Augustana lecturer and pianist will bring unique sounds from composers across Canada to local performance

A Canada Council for the Arts Grant has given Roger Admiral and his Edmonton-based ensemble, UltraViolet, the opportunity to work with innovative composers from around the country.

Tia Lalani - 4 February 2021

Roger Admiral’s favourite part of music-making isn’t the grand finale of the performance itself. Instead, it’s what he refers to as “the rehearsal before the dress rehearsal”, when each musician working on the piece has the chance to discover it and share in that experience of discovery.

Armed with a $29,000 Canada Council for the Arts Research and Creation Grant, Admiral’s ensemble UltraViolet—a quartet out of New Music Edmonton—intends to up the ante on discovery by working with four composers across the country who have very unique, and sometimes experimental, methods and sounds.

“New music can mean a number of different things. One of the best aspects of new music is that you get the chance to work with a composer and collaborate—something you wouldn’t be able to do if you were playing Mozart or Chopin,” Admiral said.

For this particular project, UltraViolet—made up of pianist Admiral, cellist Amy Nicholson, flutist Chenoa Anderson and saxophonist Allison Balcetis—wanted to choose composers who appealed to them and represented different areas of the country as well as different genders, generations and styles of music. The result is a widely eclectic full performance that the group hopes to put on in Edmonton or Camrose in March of 2022.

The first composer, Vancouver's Giorgio Magnanensi, will begin with the image of a spider's web, and use this image as visual data which will be transformed into sound for his piece.

Also from Vancouver, Roxanne Nesbitt will hand-make irregularly shaped ceramic bells which will be pressed into piano strings. In her words, "the ceramics are communal, egalitarian instruments, as each player is unspecialized in playing these unknown vessels. They can be played through scraping, rocking, striking and pressing into the piano strings. I am interested in juxtaposing the mass-produced, standardized, instruments with the intuitive work of the hand. Using ceramics is also about bringing domestic-like objects—tools for 'women’s work'—into my sound palette.”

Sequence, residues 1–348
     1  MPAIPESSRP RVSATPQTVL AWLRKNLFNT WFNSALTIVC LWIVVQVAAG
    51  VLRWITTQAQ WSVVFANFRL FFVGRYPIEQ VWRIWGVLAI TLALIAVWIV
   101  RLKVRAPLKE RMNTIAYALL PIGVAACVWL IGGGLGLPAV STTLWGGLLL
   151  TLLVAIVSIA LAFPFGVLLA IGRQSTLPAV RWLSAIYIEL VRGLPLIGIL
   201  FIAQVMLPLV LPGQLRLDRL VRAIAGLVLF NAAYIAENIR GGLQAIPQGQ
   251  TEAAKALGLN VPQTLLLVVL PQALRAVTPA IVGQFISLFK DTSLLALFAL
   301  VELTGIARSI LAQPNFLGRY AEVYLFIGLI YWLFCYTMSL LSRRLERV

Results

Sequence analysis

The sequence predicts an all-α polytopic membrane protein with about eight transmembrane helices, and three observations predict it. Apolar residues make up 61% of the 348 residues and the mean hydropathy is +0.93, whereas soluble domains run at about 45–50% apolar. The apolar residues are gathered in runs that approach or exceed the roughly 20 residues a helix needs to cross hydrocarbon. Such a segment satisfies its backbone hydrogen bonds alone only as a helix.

As a third piece, Montreal composer James O'Callaghan will create a work that includes a secondary “doppelgänger ensemble” of recorded sound, played through loudspeakers in an adjacent space to the concert hall where the quartet will perform.

And lastly, Lesley Hinger, from Calgary, will create a work out of long-term improvisation and collaborative back-and-forth between her and the UltraViolet Ensemble.

Although it will be about a year before the musicians will be able to get together and perform, Admiral looks forward to the magic and collaboration that will happen remotely over the coming months.

“COVID made us realize that working together virtually is possible. Although it’s ideal to be in the same room as the other individual, it’s not always sustainable. Now, we see that it’s totally possible to do this kind of work—you’re still collaborating, still exchanging ideas. You’re still a community.”

If you can’t wait until next March to get your musical performance fix, Roger Admiral will perform a solo piano recital of sonatas by Ludwig van Beethoven at the Jeanne & Peter Lougheed Performing Arts Centre in the coming months. Keep your eyes on the Augustana Campus website for details!